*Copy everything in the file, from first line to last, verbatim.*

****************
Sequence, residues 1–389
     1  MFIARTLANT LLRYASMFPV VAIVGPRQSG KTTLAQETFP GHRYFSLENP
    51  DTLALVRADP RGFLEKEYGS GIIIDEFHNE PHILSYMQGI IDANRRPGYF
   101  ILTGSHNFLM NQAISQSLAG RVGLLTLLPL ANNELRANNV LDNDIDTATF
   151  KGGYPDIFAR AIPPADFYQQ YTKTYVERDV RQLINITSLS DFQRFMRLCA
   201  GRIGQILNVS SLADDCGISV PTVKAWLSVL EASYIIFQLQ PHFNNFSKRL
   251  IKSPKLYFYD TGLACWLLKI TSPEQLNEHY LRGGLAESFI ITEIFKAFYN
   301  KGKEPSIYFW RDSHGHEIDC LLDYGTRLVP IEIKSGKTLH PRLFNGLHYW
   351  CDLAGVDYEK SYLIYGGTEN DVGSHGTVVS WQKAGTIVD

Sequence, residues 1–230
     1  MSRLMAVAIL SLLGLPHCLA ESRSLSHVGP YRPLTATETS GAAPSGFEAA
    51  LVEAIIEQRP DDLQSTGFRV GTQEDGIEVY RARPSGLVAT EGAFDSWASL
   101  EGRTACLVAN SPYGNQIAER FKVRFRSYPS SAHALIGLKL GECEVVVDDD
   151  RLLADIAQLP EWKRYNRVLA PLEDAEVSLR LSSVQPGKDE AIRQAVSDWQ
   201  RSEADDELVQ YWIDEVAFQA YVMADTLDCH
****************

Sequence, residues 1–389
     1  MFIARTLANT LLRYASMFPV VAIVGPRQSG KTTLAQETFP GHRYFSLENP
    51  DTLALVRADP RGFLEKEYGS GIIIDEFHNE PHILSYMQGI IDANRRPGYF
   101  ILTGSHNFLM NQAISQSLAG RVGLLTLLPL ANNELRANNV LDNDIDTATF
   151  KGGYPDIFAR AIPPADFYQQ YTKTYVERDV RQLINITSLS DFQRFMRLCA
   201  GRIGQILNVS SLADDCGISV PTVKAWLSVL EASYIIFQLQ PHFNNFSKRL
   251  IKSPKLYFYD TGLACWLLKI TSPEQLNEHY LRGGLAESFI ITEIFKAFYN
   301  KGKEPSIYFW RDSHGHEIDC LLDYGTRLVP IEIKSGKTLH PRLFNGLHYW
   351  CDLAGVDYEK SYLIYGGTEN DVGSHGTVVS WQKAGTIVD

Sequence, residues 1–230
     1  MSRLMAVAIL SLLGLPHCLA ESRSLSHVGP YRPLTATETS GAAPSGFEAA
    51  LVEAIIEQRP DDLQSTGFRV GTQEDGIEVY RARPSGLVAT EGAFDSWASL
   101  EGRTACLVAN SPYGNQIAER FKVRFRSYPS SAHALIGLKL GECEVVVDDD
   151  RLLADIAQLP EWKRYNRVLA PLEDAEVSLR LSSVQPGKDE AIRQAVSDWQ
   201  RSEADDELVQ YWIDEVAFQA YVMADTLDCH